Ecuador economic “miracle” meets maturity

September 11, 2014

President Rafael Correa’s experiments in modern socialism helped the country cut poverty, grow and prosper. But his investment-led model has run its course. Now he has to soften his defiance of international norms, from the bond market to the World Bank, to keep progress alive.

Likonomics: the China buzzword that wasn’t

September 11, 2014

A year ago, Premier Li Keqiang seemed to be driving forward economic reform. Now he looks more of a passenger. China’s agenda is dominated by fighting corruption and targeting perceived rent-seeking. Market reforms, and foreign investors, have moved down the pecking order.

Sterling fall shows rational alarm over Scotland

By Edward Hadas
September 8, 2014

The poll lead for Scottish independence may be unreliable, but the decline of the pound – now down 6 pct since July – prices in the realistic risk of trouble. A UK breakup would be fraught, the fiscal and economic damage significant, and the loss of European status definitive.

Home Depot hack scarier than Hollywood breach

September 3, 2014

Maybe Apple et al can make the cloud more secure, but celebrities like Jennifer Lawrence also probably need to be extra careful. Violations that expose millions of people to financial loss are in a different league. Investors should punish companies that skimp on security.

Democracy snub leaves Hong Kong only bad choices

September 1, 2014

Citizens in the former colony have two options: choose between Beijing-approved chief executive candidates, or don’t vote at all. The new ruling leaves little room for compromise and risks a showdown with protesters. China’s leaders seem to care ever less what the world thinks.

TV broadcasters missing big picture in Aereo fight

August 29, 2014

CBS, Disney and others oppose the Barry Diller-backed streaming startup’s rebirth as a cable firm. But conceding could put online services and, say, Time Warner Cable on equal legal footing and create more competition for content. That’s a win for viewers and networks alike.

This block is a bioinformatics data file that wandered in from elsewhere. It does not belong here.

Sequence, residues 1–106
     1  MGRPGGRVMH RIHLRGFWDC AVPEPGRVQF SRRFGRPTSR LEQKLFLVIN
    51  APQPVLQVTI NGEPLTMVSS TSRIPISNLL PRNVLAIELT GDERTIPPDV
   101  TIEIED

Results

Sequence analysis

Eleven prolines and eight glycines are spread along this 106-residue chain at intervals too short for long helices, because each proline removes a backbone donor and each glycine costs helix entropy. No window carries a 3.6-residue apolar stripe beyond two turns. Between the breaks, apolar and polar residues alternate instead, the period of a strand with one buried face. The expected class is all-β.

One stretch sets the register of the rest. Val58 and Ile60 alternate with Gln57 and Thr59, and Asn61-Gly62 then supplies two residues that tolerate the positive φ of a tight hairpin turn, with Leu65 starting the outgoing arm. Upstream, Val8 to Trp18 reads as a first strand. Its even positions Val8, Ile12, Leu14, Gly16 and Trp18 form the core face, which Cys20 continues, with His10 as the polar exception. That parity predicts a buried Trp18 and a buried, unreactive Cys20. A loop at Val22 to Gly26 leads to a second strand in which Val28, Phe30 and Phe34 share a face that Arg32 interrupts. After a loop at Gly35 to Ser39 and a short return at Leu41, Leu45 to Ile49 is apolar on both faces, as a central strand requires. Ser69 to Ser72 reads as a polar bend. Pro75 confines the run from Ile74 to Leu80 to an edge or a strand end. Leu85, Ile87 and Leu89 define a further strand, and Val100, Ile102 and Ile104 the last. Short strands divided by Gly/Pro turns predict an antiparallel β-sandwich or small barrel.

Bland Lagarde will escape the Bretton Woods curse

By Christopher Swann
August 28, 2014

The IMF chief is under investigation for signing off on a 403 million euro payout to a French tycoon. Her predecessor DSK and former World Bank boss Wolfowitz were both ousted for misconduct. Christine Lagarde, though, has few enemies. Being dull may prove her saving grace.

Tragedy may reshape Brazil economy, not just vote

August 27, 2014

Marina Silva, set to be the opposition presidential candidate after Eduardo Campos’ plane-crash death, is a fresh threat to Dilma Rousseff. Silva has long fought special interests. If she wins October’s election, a plausible outcome, Brazil could gain from less state meddling.

Court order adds urgency to India’s coal crunch

August 26, 2014

The Supreme Court has ruled the practice of allocating coal mines to metal and power companies to be illegal. In the long run, transparent auctions will be better. But the verdict will force the government to find a timely solution to an acute coal shortage that may now worsen.

Review: Paul Ryan changes delivery but not direction

By Stephanie Rogan
August 22, 2014

“The Way Forward,” by the U.S. congressman and former VP candidate, is more campaign manifesto than memoir. Ryan’s rhetoric has softened but his harsh policy proposals haven’t. The title is accurate in at least one way. His austerity ideas probably will guide Republican strategy.